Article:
In Shanghai, prices fly high
By George Chen
The opinions expressed are the author’s own.
The other day one of my colleagues in Shanghai was happy to see her favorite fashion brand, Gap, finally arrived in China. That same day, November 11, China announced that inflation rose to a more than two-year high of 4.4 percent. It is no wonder then that, these days, Chinese people are complaining that almost everything is becoming more and more expensive including, of course, fashion.
Just a couple of years ago, my friends in Shanghai told me that when they go shopping, they might spend several hundred yuan on average buying quite a few items including jeans, a coat and some cosmetics. Now? 1,000 yuan, (about $150) is almost nothing — it’s easy to spend more than you ever expected, and faster.
A decent dinner in Shanghai’s popular nightlife area, Xintiandi, two movie tickets (nearly 100 yuan per person), T-shirts, perhaps some cosmetics, and taxi fares will eat up about 1,000 yuan.
Despite fast growing inflation, which some economists say is likely to rise to more than 5 percent early next year, Chinese people are still spending more than ever and the global financial crisis hasn’t dampened the spending spirit in China, whose economy is probably the least affected during the crisis. In fact, Beijing is encouraging its residents to do so in order to boost domestic consumption and reduce the country’s reliance on exports.
Deutsche Bank Chief Greater China economist Ma Jun sees a lot of opportunities as a result of inflation: “We see inflation as the most important investment theme in coming months,” he said in a November 11 research note to clients.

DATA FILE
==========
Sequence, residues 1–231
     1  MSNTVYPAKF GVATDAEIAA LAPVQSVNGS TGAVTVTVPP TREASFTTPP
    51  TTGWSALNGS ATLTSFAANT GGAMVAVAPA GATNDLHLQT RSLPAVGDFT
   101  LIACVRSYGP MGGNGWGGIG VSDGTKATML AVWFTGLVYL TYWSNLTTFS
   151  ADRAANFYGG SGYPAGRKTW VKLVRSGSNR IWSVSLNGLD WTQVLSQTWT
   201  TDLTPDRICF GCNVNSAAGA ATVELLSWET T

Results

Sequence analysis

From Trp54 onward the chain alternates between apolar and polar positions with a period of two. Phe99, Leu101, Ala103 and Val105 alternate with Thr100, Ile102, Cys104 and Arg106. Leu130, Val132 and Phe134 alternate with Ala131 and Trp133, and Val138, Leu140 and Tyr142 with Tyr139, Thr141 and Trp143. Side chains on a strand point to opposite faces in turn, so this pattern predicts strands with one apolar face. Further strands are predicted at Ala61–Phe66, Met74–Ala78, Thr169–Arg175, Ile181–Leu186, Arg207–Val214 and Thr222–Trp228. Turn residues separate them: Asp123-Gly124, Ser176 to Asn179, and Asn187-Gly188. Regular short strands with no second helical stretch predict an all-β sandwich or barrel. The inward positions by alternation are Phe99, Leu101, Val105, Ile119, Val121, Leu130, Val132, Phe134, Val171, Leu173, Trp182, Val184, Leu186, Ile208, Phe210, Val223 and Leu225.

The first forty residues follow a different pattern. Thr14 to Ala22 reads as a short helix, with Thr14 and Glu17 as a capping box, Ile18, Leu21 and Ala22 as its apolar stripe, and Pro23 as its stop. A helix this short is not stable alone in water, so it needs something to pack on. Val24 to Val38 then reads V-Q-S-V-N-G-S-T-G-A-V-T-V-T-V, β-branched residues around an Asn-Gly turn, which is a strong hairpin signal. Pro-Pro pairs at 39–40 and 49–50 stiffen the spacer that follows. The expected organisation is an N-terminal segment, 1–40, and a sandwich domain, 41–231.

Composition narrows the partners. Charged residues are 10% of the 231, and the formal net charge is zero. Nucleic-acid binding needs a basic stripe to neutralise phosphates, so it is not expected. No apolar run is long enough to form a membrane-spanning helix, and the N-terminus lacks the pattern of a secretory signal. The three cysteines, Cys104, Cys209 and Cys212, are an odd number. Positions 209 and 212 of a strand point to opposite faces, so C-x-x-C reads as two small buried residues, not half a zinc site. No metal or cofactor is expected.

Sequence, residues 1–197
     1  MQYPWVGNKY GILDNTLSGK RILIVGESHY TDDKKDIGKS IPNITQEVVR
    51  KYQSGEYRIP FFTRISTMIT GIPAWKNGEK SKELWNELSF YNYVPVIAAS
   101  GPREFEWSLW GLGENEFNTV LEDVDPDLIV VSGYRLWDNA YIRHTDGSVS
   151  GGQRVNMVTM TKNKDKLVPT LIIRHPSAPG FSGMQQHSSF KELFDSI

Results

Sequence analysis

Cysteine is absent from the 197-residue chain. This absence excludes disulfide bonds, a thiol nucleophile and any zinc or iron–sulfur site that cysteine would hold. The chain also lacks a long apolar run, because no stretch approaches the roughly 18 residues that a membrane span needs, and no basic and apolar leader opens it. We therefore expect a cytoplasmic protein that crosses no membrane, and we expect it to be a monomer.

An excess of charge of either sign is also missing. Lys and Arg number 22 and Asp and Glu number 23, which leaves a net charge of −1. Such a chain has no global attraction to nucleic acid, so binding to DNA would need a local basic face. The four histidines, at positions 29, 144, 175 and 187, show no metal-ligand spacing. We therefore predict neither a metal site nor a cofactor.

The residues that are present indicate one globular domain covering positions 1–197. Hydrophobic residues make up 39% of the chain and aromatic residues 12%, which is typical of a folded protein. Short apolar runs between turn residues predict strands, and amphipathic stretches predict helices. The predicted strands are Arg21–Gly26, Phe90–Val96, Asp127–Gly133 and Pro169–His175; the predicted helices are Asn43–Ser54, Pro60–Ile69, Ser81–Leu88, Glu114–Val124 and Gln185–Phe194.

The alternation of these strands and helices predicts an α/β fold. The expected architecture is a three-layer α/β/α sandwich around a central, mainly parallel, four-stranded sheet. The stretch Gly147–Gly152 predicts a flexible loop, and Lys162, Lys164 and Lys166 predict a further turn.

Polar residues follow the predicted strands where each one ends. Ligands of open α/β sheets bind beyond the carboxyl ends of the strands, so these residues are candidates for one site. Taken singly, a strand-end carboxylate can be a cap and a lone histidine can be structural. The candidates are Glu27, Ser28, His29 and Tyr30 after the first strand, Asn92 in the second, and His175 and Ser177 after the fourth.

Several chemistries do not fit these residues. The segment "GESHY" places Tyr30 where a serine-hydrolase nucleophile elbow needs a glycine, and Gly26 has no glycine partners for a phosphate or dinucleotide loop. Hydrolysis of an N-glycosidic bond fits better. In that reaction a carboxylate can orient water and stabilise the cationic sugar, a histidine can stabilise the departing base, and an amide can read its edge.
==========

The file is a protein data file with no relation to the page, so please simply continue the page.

The government may step into the market to control price increases in some areas, such as energy and utilities, but for many other consumer products like fashions, appliances and food, there’s not much Beijing can do. Can Beijing force Pizza Hut restaurants not to raise prices if the cost of food material and human resources keep rising? Of course not.
Remember, Beijing is trying to brand itself as a market-oriented economy and not as a planned economy any more.
To some extent, Hong Kong, the former British colony that returned to Beijing’s hand in 1997, actually can benefit from China’s inflation story. At least Hong Kong’s landlords should be happy. After the official release of China’s latest macroeconomic data lastThursday, the Hong Kong media reported that rent for a small store in the city’s Tsim Sha Tsui shopping area was likely to double in 2011, from HK$850,000 ($109,166) to nearly HK$2 million ($258,038) per month as businessmen expect mainland tourists to further boost Hong Kong’s economic growth.
And, after the first store launch in Shanghai, the Gap said it plans to open three more stores in China. For Western companies that don’t want to miss the new wave of Chinese consumer spending, now seems to be a good time for them to plan around the idea of China’s inflation.
George Chen is a Reuters editor and columnist based in Hong Kong.
Photo: A customer travels down an escalator in the newly opened H&M shop in Shanghai April 12, 2007. REUTERS/Nir Elias